Man 'used fake passport to gain mortgage and set up drug factory'
A MAN used a false name, a fabricated PPS number and a fake passport to get a €380,000 mortgage for a house he allegedly turned into a cannabis factory.
The details of the "unusual situation" emerged as Bank of Scotland Ireland was yesterday granted a possession order for a bungalow near Navan, Co Meath.
High Court Judge Ms Justice Elizabeth Dunne warned against revealing the man's identity, the assumed name, and the exact location of the property because he is expected to face criminal charges before the courts in January.
It emerged during the case that gardai raided the premises in November 2008 and it appeared there was a cannabis production factory in operation.
The unusual case was just one of eight possession orders granted yesterday for various properties, including a commercial retail unit on O'Connell Street in Waterford.
Five of the possession orders were granted to Start Mortgages, one to Bank of Ireland for a commercial loan, one to Bank of Scotland Ireland and another to Stepstone Mortgage Funding.
They involved properties in Donegal, Meath, Louth, Longford, Kilkenny, Sligo and Waterford. In four cases the mortgage-holders, including a couple on a housing waiting list, had given their consent.
Counsel for the bank, Jonathan Miller, outlined the unusual situation surrounding the apparently abandoned bungalow outside Navan.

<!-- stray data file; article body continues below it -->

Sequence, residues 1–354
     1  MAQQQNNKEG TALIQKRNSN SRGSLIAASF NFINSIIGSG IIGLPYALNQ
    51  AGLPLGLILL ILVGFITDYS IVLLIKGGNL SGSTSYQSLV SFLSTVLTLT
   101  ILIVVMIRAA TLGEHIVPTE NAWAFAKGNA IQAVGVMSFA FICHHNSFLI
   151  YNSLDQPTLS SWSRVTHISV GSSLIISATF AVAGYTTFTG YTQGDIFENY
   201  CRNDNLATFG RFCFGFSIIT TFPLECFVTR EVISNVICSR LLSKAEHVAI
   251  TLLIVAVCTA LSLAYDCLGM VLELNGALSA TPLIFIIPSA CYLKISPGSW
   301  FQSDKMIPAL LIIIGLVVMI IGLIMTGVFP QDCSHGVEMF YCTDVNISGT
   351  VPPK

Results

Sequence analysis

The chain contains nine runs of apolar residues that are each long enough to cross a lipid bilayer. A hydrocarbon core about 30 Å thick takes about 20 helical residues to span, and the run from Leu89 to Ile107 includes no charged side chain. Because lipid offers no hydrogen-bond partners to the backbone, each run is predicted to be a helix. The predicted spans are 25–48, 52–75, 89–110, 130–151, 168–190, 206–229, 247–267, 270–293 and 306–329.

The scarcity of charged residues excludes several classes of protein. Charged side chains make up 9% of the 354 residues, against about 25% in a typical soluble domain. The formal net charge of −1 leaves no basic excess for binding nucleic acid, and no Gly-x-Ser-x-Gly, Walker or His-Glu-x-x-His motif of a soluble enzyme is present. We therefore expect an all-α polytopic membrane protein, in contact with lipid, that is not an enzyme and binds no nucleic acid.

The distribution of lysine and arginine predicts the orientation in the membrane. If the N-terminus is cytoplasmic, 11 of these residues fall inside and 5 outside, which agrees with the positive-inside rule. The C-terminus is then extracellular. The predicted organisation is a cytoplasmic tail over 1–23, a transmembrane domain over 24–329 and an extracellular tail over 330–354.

He said the man who had originally applied for the loan was "a myth", which made the order for possession more complicated as it was still in the names of the original vendors.
Documents furnished by the man included an alleged false passport and PPS number, while earnings appeared to have been fabricated.
Problems emerged when attempts were made by a solicitor to register the mortgage and property in the name provided by the buyer.
Ms Justice Dunne outlined that Bank of Scotland Ireland had provided a mortgage for €380,000 on April 2008 to the man and it had at first appeared "normal".
Documents before the court showed the Criminal Assets Bureau (CAB) had been in touch with the bank to verify that the alias given and the name of another man were "one and the same person".
The court was told that criminal proceedings were due to take place in January. The judge granted the order for possession, as around €406,000 was now outstanding on the property.
Ms Justice Dunne lamented that it was a common feature in many cases for the mortgage holder to owe "well in excess" of the amount originally borrowed.
The judge was speaking as she granted a possession order to Stepstone Mortgage Funding over an abandoned property in Granard, Co Longford. The couple now owed more than €223,000 after drawing down a loan of €202,500 in November 2007 with an APR rate of 10.2pc.
Earlier, the demands on the law support system were outlined. The court heard that a woman who faced having a property repossessed had been accepted for legal aid, but a letter presented to the court showed that it would be 28 weeks before she could be seen.